)
            ? $config['high']
            : $config['low'];
    }

    /**
     * Returns the reference size (width or height).
     *
     * @param array $config
     * @return string|\WP_Error
     */
    protected function getReference( Array $config )
    {
        $r = $config['reference'];
        return ! in_array( $r, array( 'w', 'h', ) )
            ? new \WP_Error(
                'wrong-arg',
                sprintf( 'Wrong argument for "reference" in %s', __METHOD__ )
            )
            : $r;
    }

    /**
     * Returns the size of the original image (width or height)
     * depending on the reference.
     *
     * @param string $image
     * @param string $reference
     * @return int|\WP_Error
     */
    protected function getOriginalSize( $image, $reference )
    {
        $size = 'h' === $reference
            ? imagesy( $image )
            : imagesx( $image );

        # @TODO Maybe check is_resource() to see if we got an image
        # @TODO Maybe check get_resource_type() for a valid image
        # @link http://www.php.net/manual/en/resource.php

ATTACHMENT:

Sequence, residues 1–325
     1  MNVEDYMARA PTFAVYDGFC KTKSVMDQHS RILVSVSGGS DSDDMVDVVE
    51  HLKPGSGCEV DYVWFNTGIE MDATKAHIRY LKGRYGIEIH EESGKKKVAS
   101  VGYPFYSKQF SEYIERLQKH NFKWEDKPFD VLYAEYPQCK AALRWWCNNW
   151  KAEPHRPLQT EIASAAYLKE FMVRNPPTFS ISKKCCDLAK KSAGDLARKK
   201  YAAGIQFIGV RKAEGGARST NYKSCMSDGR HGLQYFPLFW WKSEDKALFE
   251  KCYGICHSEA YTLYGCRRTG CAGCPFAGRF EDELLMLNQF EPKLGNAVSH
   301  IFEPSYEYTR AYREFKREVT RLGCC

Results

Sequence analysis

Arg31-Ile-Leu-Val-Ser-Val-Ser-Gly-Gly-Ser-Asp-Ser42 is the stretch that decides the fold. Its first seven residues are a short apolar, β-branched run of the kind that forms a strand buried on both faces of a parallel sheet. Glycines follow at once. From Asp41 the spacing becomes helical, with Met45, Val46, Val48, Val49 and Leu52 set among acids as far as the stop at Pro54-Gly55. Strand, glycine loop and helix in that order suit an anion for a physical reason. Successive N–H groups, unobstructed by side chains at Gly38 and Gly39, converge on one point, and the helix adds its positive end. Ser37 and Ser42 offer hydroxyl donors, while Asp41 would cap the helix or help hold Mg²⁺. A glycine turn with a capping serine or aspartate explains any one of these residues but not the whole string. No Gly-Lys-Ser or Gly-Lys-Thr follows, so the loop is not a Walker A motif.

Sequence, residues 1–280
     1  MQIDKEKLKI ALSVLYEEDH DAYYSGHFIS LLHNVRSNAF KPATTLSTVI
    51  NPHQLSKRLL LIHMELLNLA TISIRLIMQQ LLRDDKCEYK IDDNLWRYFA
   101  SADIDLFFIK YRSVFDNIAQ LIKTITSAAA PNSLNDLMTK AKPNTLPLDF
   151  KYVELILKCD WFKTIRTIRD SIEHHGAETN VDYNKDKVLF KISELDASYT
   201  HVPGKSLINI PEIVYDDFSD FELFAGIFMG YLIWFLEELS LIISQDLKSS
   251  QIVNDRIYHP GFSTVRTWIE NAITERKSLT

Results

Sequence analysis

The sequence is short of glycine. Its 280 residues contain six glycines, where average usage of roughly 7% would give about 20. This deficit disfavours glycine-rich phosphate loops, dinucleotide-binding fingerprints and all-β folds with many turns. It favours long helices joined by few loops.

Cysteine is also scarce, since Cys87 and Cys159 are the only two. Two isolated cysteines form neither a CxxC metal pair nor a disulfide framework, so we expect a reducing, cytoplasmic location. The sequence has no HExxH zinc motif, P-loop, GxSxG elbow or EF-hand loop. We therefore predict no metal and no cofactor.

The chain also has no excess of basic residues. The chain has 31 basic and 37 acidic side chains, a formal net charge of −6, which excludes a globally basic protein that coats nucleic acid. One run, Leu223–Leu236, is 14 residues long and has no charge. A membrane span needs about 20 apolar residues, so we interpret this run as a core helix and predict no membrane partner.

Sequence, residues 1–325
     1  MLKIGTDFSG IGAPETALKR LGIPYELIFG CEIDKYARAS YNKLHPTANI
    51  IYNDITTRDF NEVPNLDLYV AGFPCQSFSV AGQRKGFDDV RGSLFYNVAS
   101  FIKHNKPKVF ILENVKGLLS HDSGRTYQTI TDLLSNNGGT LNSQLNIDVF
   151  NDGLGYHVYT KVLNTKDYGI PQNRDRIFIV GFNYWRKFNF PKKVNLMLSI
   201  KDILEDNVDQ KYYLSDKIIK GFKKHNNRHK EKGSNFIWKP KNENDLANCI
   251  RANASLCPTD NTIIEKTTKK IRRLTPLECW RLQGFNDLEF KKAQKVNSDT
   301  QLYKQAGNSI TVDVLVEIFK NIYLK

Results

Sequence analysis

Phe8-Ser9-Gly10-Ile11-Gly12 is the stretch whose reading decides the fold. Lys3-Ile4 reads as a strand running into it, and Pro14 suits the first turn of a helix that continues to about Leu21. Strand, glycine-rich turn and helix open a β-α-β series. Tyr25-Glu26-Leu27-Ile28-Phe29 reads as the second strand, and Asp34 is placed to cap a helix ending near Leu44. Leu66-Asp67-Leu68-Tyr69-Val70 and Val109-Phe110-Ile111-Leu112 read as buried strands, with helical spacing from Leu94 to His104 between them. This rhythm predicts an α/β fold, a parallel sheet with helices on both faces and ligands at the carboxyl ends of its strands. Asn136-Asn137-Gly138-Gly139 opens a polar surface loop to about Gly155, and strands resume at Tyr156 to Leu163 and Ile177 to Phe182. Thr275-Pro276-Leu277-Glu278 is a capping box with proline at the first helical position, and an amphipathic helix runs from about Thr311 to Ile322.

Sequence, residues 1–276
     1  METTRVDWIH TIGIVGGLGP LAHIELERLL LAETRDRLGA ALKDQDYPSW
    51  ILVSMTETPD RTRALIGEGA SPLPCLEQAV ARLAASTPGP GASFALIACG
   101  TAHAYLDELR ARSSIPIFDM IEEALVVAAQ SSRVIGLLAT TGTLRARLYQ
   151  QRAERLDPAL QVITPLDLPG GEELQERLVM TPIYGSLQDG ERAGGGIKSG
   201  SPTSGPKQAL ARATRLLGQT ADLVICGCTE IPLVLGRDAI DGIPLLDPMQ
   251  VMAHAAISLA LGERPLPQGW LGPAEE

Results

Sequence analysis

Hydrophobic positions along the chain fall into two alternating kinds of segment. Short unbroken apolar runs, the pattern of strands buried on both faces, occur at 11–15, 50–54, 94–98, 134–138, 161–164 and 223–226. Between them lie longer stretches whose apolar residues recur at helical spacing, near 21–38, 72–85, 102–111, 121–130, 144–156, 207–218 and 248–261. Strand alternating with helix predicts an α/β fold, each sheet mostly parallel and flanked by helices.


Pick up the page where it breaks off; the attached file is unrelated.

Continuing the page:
return ! $size
            ? new \WP_Error(
                'image-failure',
                sprintf( 'Resource failed in %s', get_class( $this ) )
            )
            : $size;
    }
}
  • Still working on it? As far as I'm concerned I'd love to see that as a plugin. – Nils Riedemann Mar 26 '14 at 9:37
  • Sorry, but no I´m not. I´d like to see that as plugin as well, but as I currently don´t need it and don´t have the time, it won´t happen so far. Maybe give it a shot, see how far you get and file an edit or a separate answer? :) – kaiser Mar 26 '14 at 12:46
  • kaiser: You overcomplicated it, I think. The $image sent to image_editor_save_pre is an instance of the WP_Image_Editor class. It has functions to get the size and set the quality and everything else already in it. All you have to do is call them. – Otto Mar 26 '14 at 17:02